Galaxy Communicator Documentation:

Provider Names and Provider Selection

License / Documentation home / Help and feedback

The Galaxy Communicator infrastructure has evolved considerably in the way it handles references to servers. The Hub, for instance, makes the distinction between service types, which is a set of operations the Hub can perform, and service providers, which are the individual Communicator-compliant servers which implement these operations.

In version 4.0, we have enhanced and rendered consistent the way programmers can refer to these service providers. Until this release, it was possible to describe providers in various ways (e.g., by their service type), but not to identify them uniquely. This could be a problem in situations where, for instance, the programmer desires to use only asynchronous invocations to support synchronous interactions, but the Hub maintains connections to multiple providers of the affected type. If the programmer was either unwilling or unable to lock the server to the session, or if the session itself could make use of multiple providers for the affected type (for load balancing, for instance), the programmer had no other options. Now, provider names fill this gap.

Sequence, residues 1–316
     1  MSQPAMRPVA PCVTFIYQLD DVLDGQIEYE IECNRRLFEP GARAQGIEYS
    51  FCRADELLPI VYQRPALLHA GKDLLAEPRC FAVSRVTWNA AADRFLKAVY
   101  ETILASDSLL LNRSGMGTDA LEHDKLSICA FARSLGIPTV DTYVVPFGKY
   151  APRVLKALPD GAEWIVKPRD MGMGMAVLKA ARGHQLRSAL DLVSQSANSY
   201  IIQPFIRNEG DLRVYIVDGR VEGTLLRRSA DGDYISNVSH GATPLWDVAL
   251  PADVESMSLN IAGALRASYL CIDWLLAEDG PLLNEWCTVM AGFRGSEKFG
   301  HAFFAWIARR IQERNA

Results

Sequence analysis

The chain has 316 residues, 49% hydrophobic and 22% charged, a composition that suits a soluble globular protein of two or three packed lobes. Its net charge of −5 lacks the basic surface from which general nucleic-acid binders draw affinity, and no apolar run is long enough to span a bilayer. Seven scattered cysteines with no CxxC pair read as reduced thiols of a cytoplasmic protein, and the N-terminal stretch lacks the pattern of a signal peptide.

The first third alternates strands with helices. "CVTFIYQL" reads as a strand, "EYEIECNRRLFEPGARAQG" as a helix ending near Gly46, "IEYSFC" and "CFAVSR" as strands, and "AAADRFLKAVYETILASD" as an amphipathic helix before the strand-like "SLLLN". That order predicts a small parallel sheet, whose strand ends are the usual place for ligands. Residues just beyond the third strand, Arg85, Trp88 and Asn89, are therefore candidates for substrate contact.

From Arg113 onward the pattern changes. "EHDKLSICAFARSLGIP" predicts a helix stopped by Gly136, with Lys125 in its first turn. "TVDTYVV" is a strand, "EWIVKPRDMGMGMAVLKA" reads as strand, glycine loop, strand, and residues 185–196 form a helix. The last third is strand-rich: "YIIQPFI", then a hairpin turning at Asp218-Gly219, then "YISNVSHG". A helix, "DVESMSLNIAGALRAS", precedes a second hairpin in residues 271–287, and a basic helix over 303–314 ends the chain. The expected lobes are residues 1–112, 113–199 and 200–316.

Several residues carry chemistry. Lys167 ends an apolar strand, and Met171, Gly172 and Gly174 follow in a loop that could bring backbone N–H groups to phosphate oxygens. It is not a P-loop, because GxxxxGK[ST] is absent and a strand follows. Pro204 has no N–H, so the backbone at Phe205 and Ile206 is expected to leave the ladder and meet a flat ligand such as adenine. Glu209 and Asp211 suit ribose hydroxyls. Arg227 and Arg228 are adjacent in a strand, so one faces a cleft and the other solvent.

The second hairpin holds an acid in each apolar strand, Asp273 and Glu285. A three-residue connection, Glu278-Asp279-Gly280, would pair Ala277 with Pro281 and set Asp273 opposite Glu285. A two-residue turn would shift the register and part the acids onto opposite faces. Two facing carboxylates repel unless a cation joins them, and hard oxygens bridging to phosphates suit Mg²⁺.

The syntax of provider names

The syntax of provider names is as follows:
That is, the provider name begins with a left square bracket ("["), followed by an ID, followed by a right square bracket ("]"), followed optionally by the name of a service type (declared by either the SERVICE_TYPE: or SERVER: directives in the Hub script).